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|Posted on 9 June, 2016 at 14:46|
Do trainers who use positive-style methods ever use the word "No" to a dog?
Most actually do! Of course there will be times when you want the dog to stop doing something, and there will also be times when you NEED the dog to stop doing something that's dangerous! So let's talk about "No."
First off, the more highly-skilled you are at managing your dog, the less you will find yourself going "No, no, no!" If you find yourself saying "No!" more often than you find yourself praising or rewarding, something is likely wrong with either your training approach or your set-up in general. For example if you are trying to teach "Stay," and the dog keeps breaking -- you probably are rushing too fast and lumping in too much distance, too much time, etc. If you are trying to housebreak a puppy and find that you are constantly getting after the puppy for accidents, then you should probably fix your schedule or supervision habits with the puppy. Good trainers are able to set the dog up to succeed most of the time, good habits develop easily, and the dog never even thinks to do the wrong thing. This is ideal!
But even good trainers might want to communicate to a dog that it's doing the incorrect thing (lying down instead of sitting on the command "sit," for example) or need a dog to immediately stop doing something (jumping up on an elderly relative for example.)
There are three basic types of "No."
The first "No" is "No, you're not doing it right." Some trainers call this the "No-Reward Marker." If you say sit, and the dog lies down, and you say "No," then the dog understands to try something else -- hopefully a sit! The No-Reward Marker is sometimes "No," but frequently people will use "Nope," or "Oops," as this has less chance of making the dog feel bad and simply give up and stop trying. I use "Oops" for passive behaviors (Stay or leave it) and just silence for harder or more complex behaviors.
The second is "No, it's not going to happen, so might as well give up." If you are eating a bagel or something, and your dog wanders up to you "Can I have some bagel?" then the answer is "No." The most important thing here is to stick with it! If you are consistent enough, then the dog will give up and stop whenever it hears that word! I usually just shake my head "no" in this kind of situation with my dogs, and they get it!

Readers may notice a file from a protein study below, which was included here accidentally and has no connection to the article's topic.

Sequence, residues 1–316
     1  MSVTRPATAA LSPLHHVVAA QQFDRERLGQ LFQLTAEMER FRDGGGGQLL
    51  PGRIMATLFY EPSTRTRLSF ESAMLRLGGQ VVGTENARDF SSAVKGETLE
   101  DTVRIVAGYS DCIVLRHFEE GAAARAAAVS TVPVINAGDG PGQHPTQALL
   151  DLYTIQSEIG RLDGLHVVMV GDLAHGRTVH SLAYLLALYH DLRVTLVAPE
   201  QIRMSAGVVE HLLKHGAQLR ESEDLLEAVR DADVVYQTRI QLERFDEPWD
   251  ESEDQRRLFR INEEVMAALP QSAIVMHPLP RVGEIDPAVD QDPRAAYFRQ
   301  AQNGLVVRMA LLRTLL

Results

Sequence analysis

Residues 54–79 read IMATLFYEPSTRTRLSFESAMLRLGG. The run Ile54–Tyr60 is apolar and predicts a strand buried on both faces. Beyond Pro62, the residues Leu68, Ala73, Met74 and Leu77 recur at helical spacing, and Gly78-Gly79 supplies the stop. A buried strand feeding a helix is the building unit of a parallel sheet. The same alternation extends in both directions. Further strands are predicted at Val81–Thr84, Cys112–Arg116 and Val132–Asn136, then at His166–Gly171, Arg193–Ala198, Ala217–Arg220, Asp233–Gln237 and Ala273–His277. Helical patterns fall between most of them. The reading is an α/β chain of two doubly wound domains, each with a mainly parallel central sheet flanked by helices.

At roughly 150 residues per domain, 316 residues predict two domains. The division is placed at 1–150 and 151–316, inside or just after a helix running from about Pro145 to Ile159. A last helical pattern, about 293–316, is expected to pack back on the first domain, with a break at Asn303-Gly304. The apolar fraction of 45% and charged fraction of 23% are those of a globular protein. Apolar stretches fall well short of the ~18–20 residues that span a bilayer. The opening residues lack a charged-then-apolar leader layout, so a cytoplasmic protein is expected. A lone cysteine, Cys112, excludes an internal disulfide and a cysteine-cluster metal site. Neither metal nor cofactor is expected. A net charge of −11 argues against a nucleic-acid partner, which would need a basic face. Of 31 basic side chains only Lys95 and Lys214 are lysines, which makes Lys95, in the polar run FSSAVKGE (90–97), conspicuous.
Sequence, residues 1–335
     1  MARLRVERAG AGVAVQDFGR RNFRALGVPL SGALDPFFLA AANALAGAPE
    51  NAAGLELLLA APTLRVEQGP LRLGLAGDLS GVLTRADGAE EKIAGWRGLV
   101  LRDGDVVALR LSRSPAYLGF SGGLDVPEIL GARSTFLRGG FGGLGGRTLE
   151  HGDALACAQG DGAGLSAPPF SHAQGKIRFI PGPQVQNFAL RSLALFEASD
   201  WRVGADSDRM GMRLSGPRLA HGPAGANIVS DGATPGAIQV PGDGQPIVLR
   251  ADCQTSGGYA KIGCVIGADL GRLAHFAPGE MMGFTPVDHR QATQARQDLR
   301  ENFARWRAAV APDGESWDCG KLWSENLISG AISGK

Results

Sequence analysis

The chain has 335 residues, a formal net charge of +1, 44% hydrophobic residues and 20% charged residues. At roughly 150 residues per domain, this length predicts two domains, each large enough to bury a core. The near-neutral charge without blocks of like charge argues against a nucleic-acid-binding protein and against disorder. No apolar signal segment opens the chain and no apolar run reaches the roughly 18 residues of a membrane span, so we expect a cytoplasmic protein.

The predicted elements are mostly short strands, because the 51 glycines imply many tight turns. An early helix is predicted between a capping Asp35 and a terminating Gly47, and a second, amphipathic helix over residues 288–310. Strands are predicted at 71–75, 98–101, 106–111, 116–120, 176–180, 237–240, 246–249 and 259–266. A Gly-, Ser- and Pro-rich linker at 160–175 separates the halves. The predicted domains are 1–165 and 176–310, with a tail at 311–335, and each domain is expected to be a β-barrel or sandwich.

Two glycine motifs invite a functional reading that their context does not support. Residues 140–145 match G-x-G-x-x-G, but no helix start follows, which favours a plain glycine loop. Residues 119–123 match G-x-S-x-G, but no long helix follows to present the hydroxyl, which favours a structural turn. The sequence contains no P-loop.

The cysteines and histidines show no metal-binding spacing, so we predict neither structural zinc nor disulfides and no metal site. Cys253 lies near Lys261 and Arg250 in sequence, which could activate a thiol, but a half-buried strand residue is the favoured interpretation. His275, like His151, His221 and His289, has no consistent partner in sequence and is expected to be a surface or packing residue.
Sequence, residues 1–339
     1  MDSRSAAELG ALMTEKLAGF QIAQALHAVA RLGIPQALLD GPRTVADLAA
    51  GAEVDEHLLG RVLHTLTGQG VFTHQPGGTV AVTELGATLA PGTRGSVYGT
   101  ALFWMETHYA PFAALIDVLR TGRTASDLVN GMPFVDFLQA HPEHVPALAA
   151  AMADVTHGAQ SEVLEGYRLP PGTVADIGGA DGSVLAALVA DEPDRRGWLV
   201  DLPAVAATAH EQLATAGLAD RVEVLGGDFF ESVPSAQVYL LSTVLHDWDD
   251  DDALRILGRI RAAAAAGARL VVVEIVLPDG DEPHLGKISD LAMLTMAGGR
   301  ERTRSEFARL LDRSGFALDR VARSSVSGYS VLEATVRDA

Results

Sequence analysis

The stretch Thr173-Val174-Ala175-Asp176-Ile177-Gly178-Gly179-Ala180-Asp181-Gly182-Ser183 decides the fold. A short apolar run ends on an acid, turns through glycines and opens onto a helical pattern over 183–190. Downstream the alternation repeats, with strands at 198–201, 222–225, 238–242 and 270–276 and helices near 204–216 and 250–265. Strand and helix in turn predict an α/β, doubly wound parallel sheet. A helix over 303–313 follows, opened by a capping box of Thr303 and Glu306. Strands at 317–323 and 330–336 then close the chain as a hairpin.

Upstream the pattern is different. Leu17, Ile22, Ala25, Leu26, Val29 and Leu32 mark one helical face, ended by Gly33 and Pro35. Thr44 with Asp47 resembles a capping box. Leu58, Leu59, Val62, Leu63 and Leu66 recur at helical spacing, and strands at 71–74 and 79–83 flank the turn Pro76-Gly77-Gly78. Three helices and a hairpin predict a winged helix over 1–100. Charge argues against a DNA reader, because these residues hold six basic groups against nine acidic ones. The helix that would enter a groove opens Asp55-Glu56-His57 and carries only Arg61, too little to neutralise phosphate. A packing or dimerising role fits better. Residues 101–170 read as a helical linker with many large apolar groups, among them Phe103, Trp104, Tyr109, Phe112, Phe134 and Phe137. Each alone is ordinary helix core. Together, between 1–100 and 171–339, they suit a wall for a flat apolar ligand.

The third "No" really means "Stop." As in "STOP WHAT YOU ARE DOING RIGHT NOW." This is the kind of No that people mess up most frequently. First, they overuse it. "NO!" because the dog is doing one thing. "NO!" because it's doing another thing. "NO!" because of something else. Continued and repeated use of "NO!" has a tendency to desensitize the dog to the sound. You will find that you are escalating and shouting louder and louder at it and even that's failing to work. The second most common error is that if you use this "No" then you MUST ensure that the dog stops what it's doing. It is unhelpful to sit on the couch shouting "NO!" as your dog hops up onto the kitchen counters and eats all of the turkey. You MUST be prepared to get up and enforce. The third most common error is failure to give the dog a consequence. If you use this "No!" and the dog responds (stops doing what it was doing) you must immediately tell the dog what it should be doing instead. For example, if you "No!" to get the dog to stop jumping on your relative, now you should tell it "Sit." (Use just praise and not food treats for this sit, BTW -- you don't want the dog to learn the pattern of Jump, "No!" Get off, "Sit," Sit, Cookies.) If you use "No!" and the dog does not obey, you must give it some sort of consequence. Time-outs or long downs are usually effective. I usually use the word "Stop" for this version of "No," as I find that it makes the voice stronger and more effective, especially for female handlers.
Categories: Training Tips